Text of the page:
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For fruit pies, try yogurt instead of the sour cream, same result, better taste for fruits.

#37 DiH

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Posted 08 September 2005 - 09:21 AM

DiH, if your dough is tearing that easily, it's too dry. I lift and turn for the reasons JayBassin mentions.

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No, my dough's not dry and I don't have a problem with it tearing... I just don't see that there's a good enough reason for taking unnecessary risks.


Di

#38 SethG

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Posted 08 September 2005 - 05:40 PM

DiH, if your dough is tearing that easily, it's too dry. I lift and turn for the reasons JayBassin mentions.

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No, my dough's not dry and I don't have a problem with it tearing... I just don't see that there's a good enough reason for taking unnecessary risks.


Di

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In my (amateur) experience, I think the greater risk is in not lifting the dough every roll or two. I find if I neglect to lift, the dough will sometimes stick to the counter and tear/bunch as I roll. I find that so long as I'm careful about the turning, and use my bench scraper to make sure the center of the dough isn't sticking, I never tear the dough when I turn it.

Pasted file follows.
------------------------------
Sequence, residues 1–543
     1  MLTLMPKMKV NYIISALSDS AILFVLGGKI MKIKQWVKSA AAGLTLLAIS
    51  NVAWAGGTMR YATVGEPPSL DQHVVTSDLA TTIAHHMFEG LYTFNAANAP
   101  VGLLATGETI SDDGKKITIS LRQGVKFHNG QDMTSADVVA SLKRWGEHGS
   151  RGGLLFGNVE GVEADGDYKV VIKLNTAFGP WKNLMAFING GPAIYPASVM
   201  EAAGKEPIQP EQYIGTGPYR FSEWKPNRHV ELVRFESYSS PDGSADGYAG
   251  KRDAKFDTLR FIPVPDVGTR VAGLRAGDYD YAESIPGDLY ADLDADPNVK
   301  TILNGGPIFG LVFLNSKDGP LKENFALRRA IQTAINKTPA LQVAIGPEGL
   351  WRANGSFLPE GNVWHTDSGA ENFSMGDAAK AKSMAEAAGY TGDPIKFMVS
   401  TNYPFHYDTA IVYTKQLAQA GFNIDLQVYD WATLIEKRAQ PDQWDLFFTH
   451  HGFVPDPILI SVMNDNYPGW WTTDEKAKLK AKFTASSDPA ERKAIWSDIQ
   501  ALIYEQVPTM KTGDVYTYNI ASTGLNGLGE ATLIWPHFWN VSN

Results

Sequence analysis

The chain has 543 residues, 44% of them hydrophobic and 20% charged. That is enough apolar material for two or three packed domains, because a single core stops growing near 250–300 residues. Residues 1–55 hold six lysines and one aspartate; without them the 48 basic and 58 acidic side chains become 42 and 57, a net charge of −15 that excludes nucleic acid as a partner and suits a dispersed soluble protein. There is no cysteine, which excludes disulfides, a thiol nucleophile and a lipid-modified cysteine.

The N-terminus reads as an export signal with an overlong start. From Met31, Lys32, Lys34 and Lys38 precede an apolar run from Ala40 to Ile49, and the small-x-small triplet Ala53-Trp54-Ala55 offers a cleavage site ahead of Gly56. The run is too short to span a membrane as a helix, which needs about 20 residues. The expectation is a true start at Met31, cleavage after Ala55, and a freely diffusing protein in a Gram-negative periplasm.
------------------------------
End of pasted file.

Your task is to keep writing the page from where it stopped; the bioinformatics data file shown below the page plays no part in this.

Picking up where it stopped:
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#39 DiH

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Posted 09 September 2005 - 06:21 AM

DiH, if your dough is tearing that easily, it's too dry. I lift and turn for the reasons JayBassin mentions.

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No, my dough's not dry and I don't have a problem with it tearing... I just don't see that there's a good enough reason for taking unnecessary risks.


Di

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In my (amateur) experience, I think the greater risk is in not lifting the dough every roll or two. I find if I neglect to lift, the dough will sometimes stick to the counter and tear/bunch as I roll. I find that so long as I'm careful about the turning, and use my bench scraper to make sure the center of the dough isn't sticking, I never tear the dough when I turn it.